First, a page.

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275647 Posts in 27717 Topics by 4283 Members Latest Member: - otto Most online today: 87 - most online ever: 429 (November 03, 2007, 04:35:43 AM)
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Author Topic: Head Count as a generic set of rules!  (Read 3200 times)
reptile2k1
Member

Posts: 25


« on: March 16, 2002, 11:34:52 AM »

I really love the simplicity of UWs Head Count system, so I post the following stuff again:

Rules
Generally I think the rules are pretty cool! I wrote a boiled down, generic version yesterday to use it as a 'hey, wanna do a spontaneous rpg session'-thing for me and my folks. I made some changes, but unfortunately I wrote it in German and I am too lazy to translate it... maybe later.
So here is an excerpt of what I did in my boiled down version:

Generic rules
Making a 'generic version' of the rules(charGen, head-count mechanics, combat), so they can be used for other stuff as well. Graft the stuff that is important to the setting onto that system (magic, breeds, guilds, radiance) later.

Generic characters and charGen
1. Simple names for stats: Traits, Skills, Hobbies, Feats and Flaws
+Traits: well, as they currently are; anything goes, as long as the GM says it is ok!
+Skills: the stuff you get 2 coins for (guild skills)
+Hobbies(or Interests, whatever you like): the stuff you only get 1 coin for (non-guild skills)
+Feats: special abilities, like ambidexterity, undying and stuff
+Flaws: negative Traits or Feats, like 'weak' or 'drug addiction'
2. Point based charGen to allow more diversity in characters
+ every character starts with 1 Trait, 1 Skill, 1 Hobby, 1 Feat and 1 Flaw
+ the player can spend 8 more character points (CP): Trait 3CP, Skill 2CP, Hobby 1CP, Feat 4CP, Flaw gives 2 additional CP (limited to 1 additional Flaw).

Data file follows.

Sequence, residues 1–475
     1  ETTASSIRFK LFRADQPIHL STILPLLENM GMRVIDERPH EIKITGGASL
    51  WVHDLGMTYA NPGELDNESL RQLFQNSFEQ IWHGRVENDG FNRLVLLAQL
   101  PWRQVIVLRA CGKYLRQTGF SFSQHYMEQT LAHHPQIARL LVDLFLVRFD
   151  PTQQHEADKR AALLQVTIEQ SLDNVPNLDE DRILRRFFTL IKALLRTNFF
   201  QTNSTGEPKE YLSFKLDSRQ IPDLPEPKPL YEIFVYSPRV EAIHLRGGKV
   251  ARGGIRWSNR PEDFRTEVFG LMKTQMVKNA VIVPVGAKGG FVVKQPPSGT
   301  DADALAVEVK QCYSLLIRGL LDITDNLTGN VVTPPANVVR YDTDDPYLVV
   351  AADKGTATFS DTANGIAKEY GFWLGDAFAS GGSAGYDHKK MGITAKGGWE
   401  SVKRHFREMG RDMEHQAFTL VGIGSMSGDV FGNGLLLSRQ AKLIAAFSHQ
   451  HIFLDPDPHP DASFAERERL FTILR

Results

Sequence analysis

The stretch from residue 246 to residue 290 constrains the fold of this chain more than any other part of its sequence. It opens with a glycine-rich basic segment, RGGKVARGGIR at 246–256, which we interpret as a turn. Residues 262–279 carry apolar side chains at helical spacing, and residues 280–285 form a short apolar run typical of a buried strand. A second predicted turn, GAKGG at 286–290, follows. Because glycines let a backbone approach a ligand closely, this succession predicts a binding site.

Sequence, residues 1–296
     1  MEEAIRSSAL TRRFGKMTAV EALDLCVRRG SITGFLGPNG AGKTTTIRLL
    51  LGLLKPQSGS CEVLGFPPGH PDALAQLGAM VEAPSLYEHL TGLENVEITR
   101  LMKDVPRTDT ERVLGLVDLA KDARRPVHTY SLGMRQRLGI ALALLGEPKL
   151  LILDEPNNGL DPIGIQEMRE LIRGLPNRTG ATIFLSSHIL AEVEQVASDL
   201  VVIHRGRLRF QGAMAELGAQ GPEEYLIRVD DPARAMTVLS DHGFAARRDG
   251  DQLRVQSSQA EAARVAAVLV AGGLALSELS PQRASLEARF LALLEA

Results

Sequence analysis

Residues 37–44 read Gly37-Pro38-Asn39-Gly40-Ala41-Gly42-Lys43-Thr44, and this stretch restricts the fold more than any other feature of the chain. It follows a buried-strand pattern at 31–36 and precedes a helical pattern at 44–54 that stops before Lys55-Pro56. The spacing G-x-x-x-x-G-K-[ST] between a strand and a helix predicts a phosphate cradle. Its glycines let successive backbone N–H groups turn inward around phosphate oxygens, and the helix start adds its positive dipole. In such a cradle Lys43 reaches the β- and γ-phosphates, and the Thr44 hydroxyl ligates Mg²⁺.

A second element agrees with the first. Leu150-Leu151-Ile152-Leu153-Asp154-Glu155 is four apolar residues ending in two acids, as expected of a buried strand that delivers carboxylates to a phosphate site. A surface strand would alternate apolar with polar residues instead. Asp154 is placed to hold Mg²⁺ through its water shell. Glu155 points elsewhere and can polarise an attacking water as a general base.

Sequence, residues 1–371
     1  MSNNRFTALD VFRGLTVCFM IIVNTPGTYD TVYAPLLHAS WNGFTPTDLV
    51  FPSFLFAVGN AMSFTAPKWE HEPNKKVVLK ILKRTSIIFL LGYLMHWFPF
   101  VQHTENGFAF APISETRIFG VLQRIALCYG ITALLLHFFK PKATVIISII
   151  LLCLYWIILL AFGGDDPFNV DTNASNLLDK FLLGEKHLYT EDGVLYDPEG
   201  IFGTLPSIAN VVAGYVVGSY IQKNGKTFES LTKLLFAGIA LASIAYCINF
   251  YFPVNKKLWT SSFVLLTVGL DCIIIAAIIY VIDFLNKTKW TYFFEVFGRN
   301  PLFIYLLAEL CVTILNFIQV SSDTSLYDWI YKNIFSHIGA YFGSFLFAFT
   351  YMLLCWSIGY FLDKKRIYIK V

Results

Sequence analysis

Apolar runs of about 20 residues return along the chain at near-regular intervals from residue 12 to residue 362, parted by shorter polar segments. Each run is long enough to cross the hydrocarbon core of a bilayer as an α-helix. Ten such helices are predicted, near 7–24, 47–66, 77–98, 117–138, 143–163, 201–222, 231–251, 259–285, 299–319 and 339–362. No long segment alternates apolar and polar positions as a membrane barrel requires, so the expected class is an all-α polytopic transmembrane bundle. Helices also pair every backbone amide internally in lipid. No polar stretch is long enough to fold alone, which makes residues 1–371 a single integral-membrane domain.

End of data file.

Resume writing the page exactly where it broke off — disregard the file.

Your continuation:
Combat, healing, etc.
To me, those topics are pretty well done, so no changes needed!

Experience
Maybe I am blind, but I flipped through the book several times and couldn't find a chapter about experience... I did not read the book as a whole, but picked out interesting chapters, so maybe I just missed it.
If not, then I would suggest implementing a system for experience, that has two main factors: Luck and Advancement!
Advancing a character should be rather tough, to avoid character inflation, but it should still be possible. The main emphasis should be on Luck, giving players the opportunity to manipulate tests: re-flip a coin, buy an automatic success, re-flip all coins, etc.
The Conductor/GM can award 0 to 4 XP to a player character per adventure...
01XP re-flip one coin
02XP buy an automatic success (but the total number of successes may not exceed the total number of coins flipped)
04XP re-flip all coins
08XP buy new Hobby
16XP upgrade one Hobby to Skill
32XP buy one new Trait or buy off one Flaw
64XP buy one new Feat

Conclusion
I incorporated all that above (except for the background-specific stuff, LARP rules and abstract combat) and it all fits to a single A4 page... okay, I used a size 9 Arial font without examples, but I had enough space for sample weapons and armor. So I think it will be rather easy...